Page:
You can't take the sky from me.... Or the scifi show I like best.
It's now been ten years since the film Serenity came out. Before that, there was a tv series that lasted only 14 episodes. I got acquinted with Joss Whedon's Firefly sometime around 2008 when I was in the beginning of my university studies and in a relationship with a scifi geek. The series has remained in my life even after I left the university (I only wrote one paper on the series, too) and the geek to work as a full time teacher on the other side of the country. What appeals to me the most are the witty dialogue, the we're so bad we're good -attitude, the lovable characters and the whole 'Verse of culture created and portrayed by the short 14-episodes-and-a-film -series. I did love other scifi shows, mainly Stargate, before Firefly - and have loved others since then (especially Star Trek: The Next Generation), but this gritty, gruesome and realistic show has remained my favourite throughout the years.
Firefly follows the story of a firefly class starship called Serenity, captained by Malcom Reynolds and his crew of misfits: an ex-soldier Zoe, her husband and the miracle-kid pilot Wash, gun-ho Jayne, alluring Inara, cheerful Kaylee and the new crew members preacher Book and siblings Simon and River, who are on the run from the authorities. Their aim is to keep flying, keep living, and keep staying ahead of Alliance patrols, which has become the governor of the planets populated by people escaped from the Earth-that-Was. As traffickers of goods legal or otherwise the crew shows the audience a wide variety of life in the 'Verse, as they call it; from priviledged noblemen issuing challenges to sword fights to back-water villagers burning witches at stake.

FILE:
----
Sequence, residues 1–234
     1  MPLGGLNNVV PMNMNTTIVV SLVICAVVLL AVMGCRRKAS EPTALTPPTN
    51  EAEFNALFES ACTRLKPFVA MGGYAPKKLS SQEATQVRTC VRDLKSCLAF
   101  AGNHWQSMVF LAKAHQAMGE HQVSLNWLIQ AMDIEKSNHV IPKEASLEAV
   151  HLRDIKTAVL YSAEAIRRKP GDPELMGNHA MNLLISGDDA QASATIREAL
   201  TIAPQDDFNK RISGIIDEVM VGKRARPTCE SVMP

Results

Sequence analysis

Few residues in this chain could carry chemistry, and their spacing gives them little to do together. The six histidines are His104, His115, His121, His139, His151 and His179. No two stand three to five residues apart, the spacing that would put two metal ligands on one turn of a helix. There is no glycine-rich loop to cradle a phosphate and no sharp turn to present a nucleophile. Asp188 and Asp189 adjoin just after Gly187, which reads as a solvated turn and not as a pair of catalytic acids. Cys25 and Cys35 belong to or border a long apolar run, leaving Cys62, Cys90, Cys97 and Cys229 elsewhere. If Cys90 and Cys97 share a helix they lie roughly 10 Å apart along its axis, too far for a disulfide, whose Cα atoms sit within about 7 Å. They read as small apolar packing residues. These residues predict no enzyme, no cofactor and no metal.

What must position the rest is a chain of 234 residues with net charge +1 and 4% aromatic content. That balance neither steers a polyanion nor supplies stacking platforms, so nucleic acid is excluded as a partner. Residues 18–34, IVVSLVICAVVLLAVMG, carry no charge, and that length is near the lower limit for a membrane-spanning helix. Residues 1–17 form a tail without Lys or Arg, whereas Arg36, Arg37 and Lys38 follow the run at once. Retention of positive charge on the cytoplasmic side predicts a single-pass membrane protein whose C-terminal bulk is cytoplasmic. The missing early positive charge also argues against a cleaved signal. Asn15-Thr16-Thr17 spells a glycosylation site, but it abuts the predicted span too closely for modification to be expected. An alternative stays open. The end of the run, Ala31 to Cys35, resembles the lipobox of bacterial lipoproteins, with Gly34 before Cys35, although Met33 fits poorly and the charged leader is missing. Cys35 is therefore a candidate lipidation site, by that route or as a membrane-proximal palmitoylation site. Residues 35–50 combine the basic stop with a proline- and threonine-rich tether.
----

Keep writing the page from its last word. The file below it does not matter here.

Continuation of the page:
In a recent documentary about the history of scifi, Firefly was brought up as a space exploration series that is really down to earth with its theme - depicting basically a bunch of cargo rafters trying to make their living in a hard world, with no flashy sciencey effects usually found in the science fiction genre. I think this is also for me one of the reasons why I like the show. It shows to the viewer how the common people of the space age might live their lives, struggling to live and to manage in a universe of extremes. The crew is poor, and the poverty is what makes them so relatable, as basically everyone has at sometime been in the same state. The quest for survival, for fuel, air and cargo, to be free, to be flying - that's what the show's made of. Not to mention the funny, the exciting, the crazy and all the stuff one can expect from a Joss Whedon show.
Later in my life I also watched Buffy the Vampire Slayer, and there're definitely things to like in both of the shows for those, who like the other - I'm reminded of the vampires and other monsters of Sunnydale in the form of reavers, men gone mad at the edge of space - and the more unsavoury human characters of Sunnydale are also to be found in Firefly in the forms of - for instance - Mark Sheppard's Badger (love Mark Sheppard!).
So, if you haven't watched this series yet, please do so. And if you have, join me in celebrating the tenth-anniversary of Serenity. Let's keep on flying, everyone.